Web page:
This doesn't actually seem to be a problem...

Quote:
Now let's go after another one. The default with Microsoft is that they decide when and how updates should be done. Once again we will disable this. Go to windows update (using the Start Menu or the Control Panel).

In the task pane of Windows Update, select "Change Settings"
Put a checkmark in all of the boxes.
Now, in the dropdown combo box, select "Never check for updates (not recommended).
Be sure to click on OK button at the very bottom.

This will cause a dire warning pop-up from the "Action Center". This dire warning can be disabled there.

Now you, and not MS, is going to be determining when your computer is updated.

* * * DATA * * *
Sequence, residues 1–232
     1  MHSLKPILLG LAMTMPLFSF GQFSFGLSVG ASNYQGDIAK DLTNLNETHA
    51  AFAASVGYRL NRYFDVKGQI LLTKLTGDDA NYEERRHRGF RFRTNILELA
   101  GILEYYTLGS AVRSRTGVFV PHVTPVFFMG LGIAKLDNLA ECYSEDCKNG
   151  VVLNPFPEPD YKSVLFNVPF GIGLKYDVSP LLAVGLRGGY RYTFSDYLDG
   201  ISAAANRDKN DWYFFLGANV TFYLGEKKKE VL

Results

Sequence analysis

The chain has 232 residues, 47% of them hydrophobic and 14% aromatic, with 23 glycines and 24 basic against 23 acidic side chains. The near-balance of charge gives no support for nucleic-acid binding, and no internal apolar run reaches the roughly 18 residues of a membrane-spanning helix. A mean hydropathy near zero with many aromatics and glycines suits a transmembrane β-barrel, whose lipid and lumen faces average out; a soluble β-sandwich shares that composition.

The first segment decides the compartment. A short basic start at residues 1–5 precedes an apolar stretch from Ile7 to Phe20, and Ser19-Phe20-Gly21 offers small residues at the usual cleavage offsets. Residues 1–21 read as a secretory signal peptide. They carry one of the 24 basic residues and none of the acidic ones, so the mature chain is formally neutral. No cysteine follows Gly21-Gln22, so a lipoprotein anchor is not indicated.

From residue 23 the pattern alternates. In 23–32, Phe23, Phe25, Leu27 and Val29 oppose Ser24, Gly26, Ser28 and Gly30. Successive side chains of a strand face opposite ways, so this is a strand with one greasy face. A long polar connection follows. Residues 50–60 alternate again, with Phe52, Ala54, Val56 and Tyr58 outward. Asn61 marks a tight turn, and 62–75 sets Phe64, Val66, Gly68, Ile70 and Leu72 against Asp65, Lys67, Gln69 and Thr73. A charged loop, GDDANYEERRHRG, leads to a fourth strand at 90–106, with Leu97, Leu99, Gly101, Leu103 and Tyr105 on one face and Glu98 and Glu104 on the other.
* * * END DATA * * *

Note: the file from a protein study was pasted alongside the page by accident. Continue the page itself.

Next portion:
I keep this disabled because I do not enjoy turning on my computer and then having things just about come to a standstill as updates are downloaded and installed. I also want to choose whether updates are iinstalled, although I've never rejected one yet. I just want to know what MS is updating.
I've actually never had automatic updates enabled - I share your opinion and want to know what my PC is doing.

I think the problem must be lower level, I wish I could actually see exactly what my PC is doing when it is booting up - do any of you guys know of a way to do this? As in, if possible, down to every last process and its every last property.
My System SpecsSystem Spec
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 Yet another slow boot thread